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System failing growing number of seniors who are homeless, need more support: report

Shelters failing seniors

A new report says shelters are not designed to meet the physical or mental health needs of the growing number of older adults who are homeless.  

Lead author Dr. Jillian Alston says people who experience homelessness age faster than people who are housed due to factors such as ongoing stress and the inability to properly manage chronic medical conditions. 

The paper, published this morning in the Canadian Medical Association Journal, says many people who are homeless are considered seniors as early as age 50.

Alston, who is a geriatrician at St. Michael's Hospital in Toronto, says shelters don't have essential supports seniors often need, including medication storage or proper wound care.

Seniors with mobility issues are also at an increased risk of falling and those with cognitive impairments are at risk of being victimized in shelters.  

Alston says an aging population, the affordable housing crisis, and life changes — such as losing a partner, becoming injured or relying on a reduced income — all contribute to the rise in homelessness among seniors. 

Measures to prevent seniors from becoming homeless in the first place, including supportive housing that incorporates medical, mental health and addictions care, is a big part of the solution, she said in an interview.  

"We need to not look at health care as separate from housing and housing (as) separate from health care," Alston said.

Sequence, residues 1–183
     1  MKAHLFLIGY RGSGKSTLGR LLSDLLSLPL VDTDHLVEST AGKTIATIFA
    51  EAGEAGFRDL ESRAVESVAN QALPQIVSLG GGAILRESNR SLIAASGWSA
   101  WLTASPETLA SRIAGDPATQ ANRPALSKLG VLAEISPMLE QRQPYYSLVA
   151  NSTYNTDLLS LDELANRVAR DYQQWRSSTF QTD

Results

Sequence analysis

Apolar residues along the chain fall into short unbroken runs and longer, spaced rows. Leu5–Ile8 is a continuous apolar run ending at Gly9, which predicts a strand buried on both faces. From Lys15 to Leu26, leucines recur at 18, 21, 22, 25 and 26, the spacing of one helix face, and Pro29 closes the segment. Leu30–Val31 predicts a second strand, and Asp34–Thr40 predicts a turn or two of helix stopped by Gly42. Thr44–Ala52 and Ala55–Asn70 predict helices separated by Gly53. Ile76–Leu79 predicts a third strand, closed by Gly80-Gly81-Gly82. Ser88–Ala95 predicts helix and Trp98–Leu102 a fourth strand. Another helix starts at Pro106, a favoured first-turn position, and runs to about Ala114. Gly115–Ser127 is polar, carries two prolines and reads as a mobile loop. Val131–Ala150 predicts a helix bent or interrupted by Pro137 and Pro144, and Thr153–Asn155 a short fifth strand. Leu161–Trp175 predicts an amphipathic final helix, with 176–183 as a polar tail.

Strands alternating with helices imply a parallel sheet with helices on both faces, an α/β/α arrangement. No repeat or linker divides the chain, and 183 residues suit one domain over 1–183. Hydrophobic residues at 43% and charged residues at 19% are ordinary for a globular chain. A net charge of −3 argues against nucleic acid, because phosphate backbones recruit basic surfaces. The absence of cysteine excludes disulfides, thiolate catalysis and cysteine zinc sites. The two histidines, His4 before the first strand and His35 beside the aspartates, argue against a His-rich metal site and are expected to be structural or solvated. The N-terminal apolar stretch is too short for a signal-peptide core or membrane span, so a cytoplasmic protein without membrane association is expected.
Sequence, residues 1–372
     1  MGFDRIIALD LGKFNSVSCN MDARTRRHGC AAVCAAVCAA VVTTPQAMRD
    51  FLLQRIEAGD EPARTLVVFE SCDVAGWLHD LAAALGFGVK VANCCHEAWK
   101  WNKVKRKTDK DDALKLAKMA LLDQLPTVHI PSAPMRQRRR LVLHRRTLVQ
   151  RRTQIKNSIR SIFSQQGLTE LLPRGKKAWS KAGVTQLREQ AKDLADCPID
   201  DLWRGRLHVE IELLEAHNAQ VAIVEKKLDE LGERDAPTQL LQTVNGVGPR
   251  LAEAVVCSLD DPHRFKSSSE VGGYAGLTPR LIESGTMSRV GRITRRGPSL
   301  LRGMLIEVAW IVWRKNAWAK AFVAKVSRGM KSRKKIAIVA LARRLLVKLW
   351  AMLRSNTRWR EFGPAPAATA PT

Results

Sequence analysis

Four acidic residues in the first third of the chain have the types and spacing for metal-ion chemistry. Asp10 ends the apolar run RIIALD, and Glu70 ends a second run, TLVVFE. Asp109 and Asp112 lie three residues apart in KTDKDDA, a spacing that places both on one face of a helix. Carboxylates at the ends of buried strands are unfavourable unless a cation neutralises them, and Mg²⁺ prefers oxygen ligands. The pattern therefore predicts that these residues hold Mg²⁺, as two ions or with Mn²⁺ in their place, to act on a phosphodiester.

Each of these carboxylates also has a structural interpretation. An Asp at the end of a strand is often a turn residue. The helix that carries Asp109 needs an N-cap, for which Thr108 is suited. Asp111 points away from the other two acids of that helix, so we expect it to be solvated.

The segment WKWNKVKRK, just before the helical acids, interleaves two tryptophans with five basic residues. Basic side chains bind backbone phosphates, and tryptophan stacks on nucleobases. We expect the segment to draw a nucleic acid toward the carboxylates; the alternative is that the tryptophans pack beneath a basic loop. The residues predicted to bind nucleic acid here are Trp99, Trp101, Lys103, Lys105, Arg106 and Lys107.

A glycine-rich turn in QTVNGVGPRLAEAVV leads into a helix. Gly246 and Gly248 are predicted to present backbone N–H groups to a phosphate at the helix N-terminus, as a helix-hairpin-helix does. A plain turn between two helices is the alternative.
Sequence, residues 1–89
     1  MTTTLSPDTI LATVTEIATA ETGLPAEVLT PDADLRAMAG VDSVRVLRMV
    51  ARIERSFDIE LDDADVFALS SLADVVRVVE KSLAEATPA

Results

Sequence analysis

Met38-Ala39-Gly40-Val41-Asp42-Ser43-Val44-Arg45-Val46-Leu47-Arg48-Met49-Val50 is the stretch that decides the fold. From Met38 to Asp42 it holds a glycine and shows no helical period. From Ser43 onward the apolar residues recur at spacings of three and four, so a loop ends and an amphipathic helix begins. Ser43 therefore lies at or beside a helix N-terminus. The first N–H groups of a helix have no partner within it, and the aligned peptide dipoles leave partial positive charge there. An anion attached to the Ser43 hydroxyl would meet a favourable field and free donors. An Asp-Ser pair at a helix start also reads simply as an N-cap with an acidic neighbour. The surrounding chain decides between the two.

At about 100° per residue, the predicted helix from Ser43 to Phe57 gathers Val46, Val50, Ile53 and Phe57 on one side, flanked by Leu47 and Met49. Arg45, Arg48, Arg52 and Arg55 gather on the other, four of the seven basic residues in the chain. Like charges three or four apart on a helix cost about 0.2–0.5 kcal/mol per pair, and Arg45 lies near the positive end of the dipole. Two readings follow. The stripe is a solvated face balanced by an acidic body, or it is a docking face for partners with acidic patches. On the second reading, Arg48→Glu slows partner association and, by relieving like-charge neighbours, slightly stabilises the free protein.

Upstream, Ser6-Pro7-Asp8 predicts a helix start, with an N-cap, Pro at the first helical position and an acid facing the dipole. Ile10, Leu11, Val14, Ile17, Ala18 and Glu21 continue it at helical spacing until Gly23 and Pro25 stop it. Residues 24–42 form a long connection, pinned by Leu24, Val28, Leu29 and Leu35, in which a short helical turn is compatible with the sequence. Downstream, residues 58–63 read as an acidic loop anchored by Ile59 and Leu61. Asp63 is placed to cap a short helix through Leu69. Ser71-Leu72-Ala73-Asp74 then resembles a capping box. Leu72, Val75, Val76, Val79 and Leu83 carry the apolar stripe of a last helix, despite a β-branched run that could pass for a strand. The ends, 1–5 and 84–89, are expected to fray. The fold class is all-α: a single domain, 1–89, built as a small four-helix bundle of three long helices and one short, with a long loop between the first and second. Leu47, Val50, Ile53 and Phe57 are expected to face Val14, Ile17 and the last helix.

"They are so intricately linked."

The paper analyzed the issue of homelessness among seniors based on the authors' clinical observations as well as a review of several studies. 

Many people have become seniors while they are homeless, but there are also many seniors who become homeless for the first time when they're older, Alston said. 

A senior might be"isolated socially who then develops cognitive impairment and starts stopping to pay their bills and then gets evicted and then is sent to the shelter," she said.

Some seniors become homeless while on waiting lists for long-term care, Alston said. 

"I've seen a number of individuals (in shelters) who have been in their 80s. I have seen — not many — but I have seen some who have been in their 90s," she said.

"I think as a society we can do better."



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